Although more of a sponsorship than a commission, the weeks that I spent in Japan as a guest of Hitachi Corporation were very important. I have always loved Japanese art and being there was amazing. I painted from dawn to dusk and then had a museum show and published a book about the paintings.
|Soucis, pervenches, lys, rose, 2002||Ravello, rufulo, Italy, 2001|
What convinced you to join Bridgeman Studio for licensing, and what are your hopes for working as a Bridgeman Studio artist?
I have had images with Bridgeman for some years and have always found them helpful and friendly. When Bridgeman Studio was launched I saw an opportunity to work with young, gifted people in a new way. Over time I have become uneasy about the gallery system because so much of the work shown seems to me ephemeral, without the enduring qualities that I have always admired in paintings. I hope very much that I can build an archive of work that will sell as reproductions and originals for the future and I think Bridgeman have the skills to help me to do this.
What would you most like to see your images licensed for?
I would trust the company to use my images in all sorts of ways, be it calendars, prints or cards (which has already happened), and I'm sure that there are many more applications that Bridgeman can suggest for the future. I'm also particularly concerned about preserving landscape which is currently under terrible pressure and hope that some of my images can be used in this cause.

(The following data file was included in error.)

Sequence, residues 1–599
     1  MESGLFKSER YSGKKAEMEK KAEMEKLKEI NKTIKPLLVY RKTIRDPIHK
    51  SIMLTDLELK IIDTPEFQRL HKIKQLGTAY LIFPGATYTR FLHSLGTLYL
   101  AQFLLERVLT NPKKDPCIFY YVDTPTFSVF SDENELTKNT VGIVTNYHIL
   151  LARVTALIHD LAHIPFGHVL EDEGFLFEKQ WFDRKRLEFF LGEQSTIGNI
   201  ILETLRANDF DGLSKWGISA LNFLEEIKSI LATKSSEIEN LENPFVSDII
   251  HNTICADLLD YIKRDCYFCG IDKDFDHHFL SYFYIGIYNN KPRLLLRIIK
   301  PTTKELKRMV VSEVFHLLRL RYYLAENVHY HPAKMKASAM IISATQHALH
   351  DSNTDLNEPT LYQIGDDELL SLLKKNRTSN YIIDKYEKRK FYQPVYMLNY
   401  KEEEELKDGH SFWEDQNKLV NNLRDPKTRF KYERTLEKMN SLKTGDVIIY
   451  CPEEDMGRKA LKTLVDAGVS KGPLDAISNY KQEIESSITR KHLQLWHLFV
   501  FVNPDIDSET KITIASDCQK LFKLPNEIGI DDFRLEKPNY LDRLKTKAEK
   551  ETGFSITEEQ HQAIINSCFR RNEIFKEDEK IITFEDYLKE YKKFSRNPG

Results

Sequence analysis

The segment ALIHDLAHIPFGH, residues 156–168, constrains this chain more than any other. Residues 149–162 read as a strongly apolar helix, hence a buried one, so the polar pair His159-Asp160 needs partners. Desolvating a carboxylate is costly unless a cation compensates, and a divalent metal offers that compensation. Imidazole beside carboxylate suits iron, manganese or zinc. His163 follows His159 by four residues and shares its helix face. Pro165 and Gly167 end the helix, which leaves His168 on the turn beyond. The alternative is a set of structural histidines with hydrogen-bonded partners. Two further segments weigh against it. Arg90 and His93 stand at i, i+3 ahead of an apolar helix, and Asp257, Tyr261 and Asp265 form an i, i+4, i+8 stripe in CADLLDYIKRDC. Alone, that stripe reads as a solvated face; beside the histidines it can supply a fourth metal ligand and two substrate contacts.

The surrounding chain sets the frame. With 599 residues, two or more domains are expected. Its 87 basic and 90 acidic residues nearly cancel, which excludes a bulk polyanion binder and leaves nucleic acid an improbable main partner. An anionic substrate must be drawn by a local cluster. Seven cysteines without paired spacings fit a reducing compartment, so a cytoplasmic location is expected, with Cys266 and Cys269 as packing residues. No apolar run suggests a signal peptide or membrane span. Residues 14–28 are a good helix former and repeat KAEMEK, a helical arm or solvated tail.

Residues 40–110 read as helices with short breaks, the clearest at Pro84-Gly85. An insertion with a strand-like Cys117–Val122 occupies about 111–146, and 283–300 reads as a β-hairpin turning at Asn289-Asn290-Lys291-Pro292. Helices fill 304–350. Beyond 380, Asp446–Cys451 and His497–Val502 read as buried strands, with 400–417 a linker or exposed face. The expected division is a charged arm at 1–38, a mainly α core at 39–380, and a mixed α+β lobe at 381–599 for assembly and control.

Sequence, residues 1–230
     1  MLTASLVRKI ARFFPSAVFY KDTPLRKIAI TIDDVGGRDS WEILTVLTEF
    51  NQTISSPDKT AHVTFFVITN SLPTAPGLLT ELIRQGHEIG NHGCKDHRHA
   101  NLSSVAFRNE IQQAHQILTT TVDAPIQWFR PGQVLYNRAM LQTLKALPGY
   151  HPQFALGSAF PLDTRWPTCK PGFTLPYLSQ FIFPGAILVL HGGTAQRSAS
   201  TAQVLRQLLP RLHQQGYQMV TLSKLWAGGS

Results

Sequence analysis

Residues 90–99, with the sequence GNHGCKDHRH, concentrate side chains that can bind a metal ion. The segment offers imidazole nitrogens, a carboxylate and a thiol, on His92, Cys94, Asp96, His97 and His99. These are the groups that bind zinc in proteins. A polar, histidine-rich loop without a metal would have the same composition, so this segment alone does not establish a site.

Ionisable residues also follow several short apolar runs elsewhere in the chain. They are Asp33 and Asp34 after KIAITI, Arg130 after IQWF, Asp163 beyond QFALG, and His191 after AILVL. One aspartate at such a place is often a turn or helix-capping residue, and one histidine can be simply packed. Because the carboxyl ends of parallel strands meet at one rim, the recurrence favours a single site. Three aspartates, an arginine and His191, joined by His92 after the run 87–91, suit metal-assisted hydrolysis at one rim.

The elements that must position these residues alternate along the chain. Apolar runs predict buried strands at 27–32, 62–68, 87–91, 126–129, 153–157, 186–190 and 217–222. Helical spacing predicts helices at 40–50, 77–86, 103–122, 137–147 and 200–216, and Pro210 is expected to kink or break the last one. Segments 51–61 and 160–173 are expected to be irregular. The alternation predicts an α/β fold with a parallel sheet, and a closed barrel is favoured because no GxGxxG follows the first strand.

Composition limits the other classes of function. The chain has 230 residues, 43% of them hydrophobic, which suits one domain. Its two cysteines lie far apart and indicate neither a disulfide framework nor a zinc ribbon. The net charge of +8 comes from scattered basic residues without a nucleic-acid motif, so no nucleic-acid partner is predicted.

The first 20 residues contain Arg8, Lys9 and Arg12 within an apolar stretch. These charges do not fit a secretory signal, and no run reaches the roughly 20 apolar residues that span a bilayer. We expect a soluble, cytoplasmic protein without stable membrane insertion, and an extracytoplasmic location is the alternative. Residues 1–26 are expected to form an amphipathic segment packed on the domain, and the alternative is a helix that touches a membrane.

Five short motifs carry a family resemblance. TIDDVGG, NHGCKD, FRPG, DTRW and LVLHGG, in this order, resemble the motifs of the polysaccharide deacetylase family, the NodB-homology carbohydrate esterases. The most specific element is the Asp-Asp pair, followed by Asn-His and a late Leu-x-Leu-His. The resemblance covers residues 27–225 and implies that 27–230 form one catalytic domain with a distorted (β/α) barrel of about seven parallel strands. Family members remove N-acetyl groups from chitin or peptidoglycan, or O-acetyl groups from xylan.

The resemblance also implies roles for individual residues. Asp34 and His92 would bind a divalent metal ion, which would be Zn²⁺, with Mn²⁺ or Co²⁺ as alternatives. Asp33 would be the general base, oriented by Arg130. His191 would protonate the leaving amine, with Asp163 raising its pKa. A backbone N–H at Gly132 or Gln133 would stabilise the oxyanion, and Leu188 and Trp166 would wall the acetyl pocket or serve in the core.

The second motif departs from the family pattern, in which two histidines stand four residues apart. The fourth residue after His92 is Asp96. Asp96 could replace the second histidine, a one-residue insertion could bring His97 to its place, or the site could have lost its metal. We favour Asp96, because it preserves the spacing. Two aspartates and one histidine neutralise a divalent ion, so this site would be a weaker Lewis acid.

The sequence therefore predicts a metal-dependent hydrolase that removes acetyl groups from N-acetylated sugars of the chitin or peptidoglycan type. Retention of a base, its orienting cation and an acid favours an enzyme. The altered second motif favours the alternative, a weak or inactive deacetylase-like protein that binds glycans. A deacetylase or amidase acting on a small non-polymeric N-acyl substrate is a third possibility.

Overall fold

|Maize, onion and garlic, 1995||Christmas, figs in brandy, 2000|
If you could pick 5 artists, dead or alive, to have dinner with who would they be and why?
Dinner with painters can be quite tricky because often we drink too much, have very strong feelings about things and can even get into fights... which is why I didn't choose Carravagio!
Hokusai, because he was not just a great painter and printmaker but a witty and wise man too. He felt that he'd done nothing of worth before the age of 60, a statement that some of our contemporaries might bear in mind!
Edward Burra, because he was unique in his style of watercolour, which I love. The atmospheric quality of his colours and the often sinister feelings that the work arouses still excite and inspire, plus he was a lover of music and night clubs and fun to be with.
John Minton, because I've always loved his drawings and illustrations; seeing them in Elizabeth David's cookery books delighted me and encouraged me to cook.
Helen Frankenthaler, who died in 2011, was an abstract painter who came to my attention via her woodcuts. Sometimes very large and experimental, these prints with their beautiful colours are sensational and as a printmaker myself I found them very inspiring. She was also by all accounts very funny and sharp-witted.
Auerbach is for me that rare thing: a real British painter. His origins are European and the paintings do what I believe German expressionist painting always promised to evolve into. I've always wanted to talk about this subject with him as I worked in Germany for many years and learnt hugely from German painting.
Hills of Pollenca, 2015